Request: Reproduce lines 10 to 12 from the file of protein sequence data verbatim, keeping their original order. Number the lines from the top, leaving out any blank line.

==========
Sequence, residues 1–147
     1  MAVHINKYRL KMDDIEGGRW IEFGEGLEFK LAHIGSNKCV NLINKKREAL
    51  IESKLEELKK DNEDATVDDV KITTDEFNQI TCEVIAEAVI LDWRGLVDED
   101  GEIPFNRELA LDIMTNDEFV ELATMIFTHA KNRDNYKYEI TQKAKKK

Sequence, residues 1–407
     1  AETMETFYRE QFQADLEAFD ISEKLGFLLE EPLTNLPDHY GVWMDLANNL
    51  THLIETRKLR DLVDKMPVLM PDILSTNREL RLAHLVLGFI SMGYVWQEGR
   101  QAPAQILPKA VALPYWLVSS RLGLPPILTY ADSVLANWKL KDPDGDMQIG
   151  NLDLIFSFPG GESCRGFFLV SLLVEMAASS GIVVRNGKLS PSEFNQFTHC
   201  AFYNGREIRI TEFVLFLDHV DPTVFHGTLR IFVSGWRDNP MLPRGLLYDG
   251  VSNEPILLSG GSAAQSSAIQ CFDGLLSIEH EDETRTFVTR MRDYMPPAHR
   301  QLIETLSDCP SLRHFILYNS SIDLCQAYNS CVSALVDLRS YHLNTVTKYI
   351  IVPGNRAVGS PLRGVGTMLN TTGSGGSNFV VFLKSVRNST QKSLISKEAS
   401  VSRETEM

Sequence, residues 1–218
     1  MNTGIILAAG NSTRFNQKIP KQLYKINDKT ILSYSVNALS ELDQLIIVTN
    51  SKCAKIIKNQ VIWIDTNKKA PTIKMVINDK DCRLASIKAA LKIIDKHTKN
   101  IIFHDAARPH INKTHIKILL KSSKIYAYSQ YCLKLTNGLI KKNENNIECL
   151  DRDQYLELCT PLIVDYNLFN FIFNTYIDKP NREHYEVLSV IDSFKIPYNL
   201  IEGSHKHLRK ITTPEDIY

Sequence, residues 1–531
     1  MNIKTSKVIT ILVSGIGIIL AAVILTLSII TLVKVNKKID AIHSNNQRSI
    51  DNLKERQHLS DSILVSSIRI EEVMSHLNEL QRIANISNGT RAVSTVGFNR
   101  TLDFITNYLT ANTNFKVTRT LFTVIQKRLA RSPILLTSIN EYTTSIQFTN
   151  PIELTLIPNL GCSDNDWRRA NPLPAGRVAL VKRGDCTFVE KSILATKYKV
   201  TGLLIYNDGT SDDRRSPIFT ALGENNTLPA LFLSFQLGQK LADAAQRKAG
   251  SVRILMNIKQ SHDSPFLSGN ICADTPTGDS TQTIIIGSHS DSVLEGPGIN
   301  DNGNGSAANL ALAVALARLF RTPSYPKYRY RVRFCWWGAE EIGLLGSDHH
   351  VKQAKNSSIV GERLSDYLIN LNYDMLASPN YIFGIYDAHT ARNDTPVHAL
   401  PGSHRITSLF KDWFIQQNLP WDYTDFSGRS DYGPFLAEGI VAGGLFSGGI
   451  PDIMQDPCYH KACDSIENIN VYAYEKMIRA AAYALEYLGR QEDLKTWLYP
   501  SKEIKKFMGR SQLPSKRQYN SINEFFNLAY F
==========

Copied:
   201  AFYNGREIRI TEFVLFLDHV DPTVFHGTLR IFVSGWRDNP MLPRGLLYDG
   251  VSNEPILLSG GSAAQSSAIQ CFDGLLSIEH EDETRTFVTR MRDYMPPAHR
   301  QLIETLSDCP SLRHFILYNS SIDLCQAYNS CVSALVDLRS YHLNTVTKYI